Mostly what I try to do lately is emulate the compassion, wisdom and grace that George exhibits in his posts and interviews. And from the comments sections over the past year or so, and very much over the past week, I think I'm not the only one... Writing? Sure, I'm trying to get better, deeper, smarter. But life.... I am getting so much better at life through Story Club. Who woulda thunk it? What a gift and surprise. Thank you George and thank Story Clubbers.
In 1949, a British magazine ran a contest for stories written in the style of Graham Greene, which the author himself entered under the name of N. Wilkinson. He came second.
Emulating can also be a lot of fun! I'm in an online writing group that ran an event about a year ago aptly called "Frankenstories." We were asked to do things like write a romance in the style of Dr. Seuss, a western in the style of Poe, horror a la Terry Pratchett, etc. Challenges like these can flex muscles you didn't know you had. And sure, the results are probably not publishable in a reputable journal, but you never know. Treat the silliest assignments seriously, and sometimes you stumble onto the sublime.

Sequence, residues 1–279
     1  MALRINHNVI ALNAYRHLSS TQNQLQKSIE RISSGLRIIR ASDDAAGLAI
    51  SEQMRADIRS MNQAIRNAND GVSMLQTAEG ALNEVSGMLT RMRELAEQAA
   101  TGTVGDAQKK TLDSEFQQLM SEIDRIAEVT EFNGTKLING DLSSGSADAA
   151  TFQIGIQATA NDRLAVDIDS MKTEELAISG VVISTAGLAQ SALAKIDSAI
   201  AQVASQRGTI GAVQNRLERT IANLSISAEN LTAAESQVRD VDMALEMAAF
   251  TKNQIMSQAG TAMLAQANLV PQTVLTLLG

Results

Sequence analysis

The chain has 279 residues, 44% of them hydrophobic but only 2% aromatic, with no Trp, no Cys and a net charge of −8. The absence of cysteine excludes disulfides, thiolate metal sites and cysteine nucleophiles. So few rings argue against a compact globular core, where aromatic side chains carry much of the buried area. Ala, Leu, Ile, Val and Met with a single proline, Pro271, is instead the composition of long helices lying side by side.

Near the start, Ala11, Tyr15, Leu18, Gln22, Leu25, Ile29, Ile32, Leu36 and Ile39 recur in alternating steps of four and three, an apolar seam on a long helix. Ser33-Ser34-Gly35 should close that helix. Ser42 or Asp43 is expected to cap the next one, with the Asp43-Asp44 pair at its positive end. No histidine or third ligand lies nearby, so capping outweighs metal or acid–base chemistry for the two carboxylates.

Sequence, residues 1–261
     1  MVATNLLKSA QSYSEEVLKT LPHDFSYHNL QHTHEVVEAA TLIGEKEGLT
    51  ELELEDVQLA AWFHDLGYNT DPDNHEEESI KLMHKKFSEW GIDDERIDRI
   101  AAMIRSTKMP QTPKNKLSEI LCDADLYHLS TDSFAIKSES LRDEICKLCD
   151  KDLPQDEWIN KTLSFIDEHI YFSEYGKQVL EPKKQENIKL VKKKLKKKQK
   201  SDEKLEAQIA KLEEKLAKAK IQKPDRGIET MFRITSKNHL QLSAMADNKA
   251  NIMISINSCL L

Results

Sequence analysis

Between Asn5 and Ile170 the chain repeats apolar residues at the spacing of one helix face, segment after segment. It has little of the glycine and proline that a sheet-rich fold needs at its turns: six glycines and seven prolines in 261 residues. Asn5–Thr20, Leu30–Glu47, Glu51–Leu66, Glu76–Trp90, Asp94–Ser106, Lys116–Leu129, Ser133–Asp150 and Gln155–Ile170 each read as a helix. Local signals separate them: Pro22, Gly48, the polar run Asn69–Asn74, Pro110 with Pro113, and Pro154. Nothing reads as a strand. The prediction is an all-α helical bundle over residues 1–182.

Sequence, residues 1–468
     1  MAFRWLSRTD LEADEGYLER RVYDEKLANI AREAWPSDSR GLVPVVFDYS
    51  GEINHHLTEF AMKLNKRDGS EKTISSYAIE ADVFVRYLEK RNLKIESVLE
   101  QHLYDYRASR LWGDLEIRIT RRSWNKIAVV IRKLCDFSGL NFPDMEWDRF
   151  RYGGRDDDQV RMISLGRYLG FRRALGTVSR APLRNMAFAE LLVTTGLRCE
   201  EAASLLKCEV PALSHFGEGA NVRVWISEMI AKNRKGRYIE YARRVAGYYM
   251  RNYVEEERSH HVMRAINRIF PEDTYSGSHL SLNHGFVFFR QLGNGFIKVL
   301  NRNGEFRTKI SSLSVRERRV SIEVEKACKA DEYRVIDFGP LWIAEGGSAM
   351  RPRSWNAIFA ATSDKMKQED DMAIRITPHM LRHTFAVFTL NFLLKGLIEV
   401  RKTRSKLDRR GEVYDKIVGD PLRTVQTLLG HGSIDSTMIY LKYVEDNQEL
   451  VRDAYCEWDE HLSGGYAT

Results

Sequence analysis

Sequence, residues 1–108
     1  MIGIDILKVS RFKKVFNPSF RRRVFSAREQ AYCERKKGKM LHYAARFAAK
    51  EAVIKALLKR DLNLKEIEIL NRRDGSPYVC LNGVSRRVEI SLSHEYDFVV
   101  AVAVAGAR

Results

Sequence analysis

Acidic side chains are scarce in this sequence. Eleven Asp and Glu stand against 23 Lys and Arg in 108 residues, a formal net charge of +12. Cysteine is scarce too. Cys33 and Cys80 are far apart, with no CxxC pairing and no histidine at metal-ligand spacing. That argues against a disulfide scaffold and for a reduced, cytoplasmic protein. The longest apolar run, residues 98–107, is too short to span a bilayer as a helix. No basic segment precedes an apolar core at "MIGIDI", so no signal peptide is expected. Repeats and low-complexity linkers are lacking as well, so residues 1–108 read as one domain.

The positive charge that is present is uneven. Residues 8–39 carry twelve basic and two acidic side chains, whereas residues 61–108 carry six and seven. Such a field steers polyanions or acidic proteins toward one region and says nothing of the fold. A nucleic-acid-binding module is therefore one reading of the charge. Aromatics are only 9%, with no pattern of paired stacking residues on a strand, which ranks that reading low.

I was a journalist at Women's Wear Daily for years. Every new reporter was deeply encouraged to read Hemingway (especially The Old Man and the Sea) in hopes of that this would be the result! I remember early days in college I would actually just rewrite articles both new and old by Didion, Capote, and Suzy Menkes, among others, to inhabit their techniques. Such a valuable exercise to learning the craft from the inside out and refining your voice, too.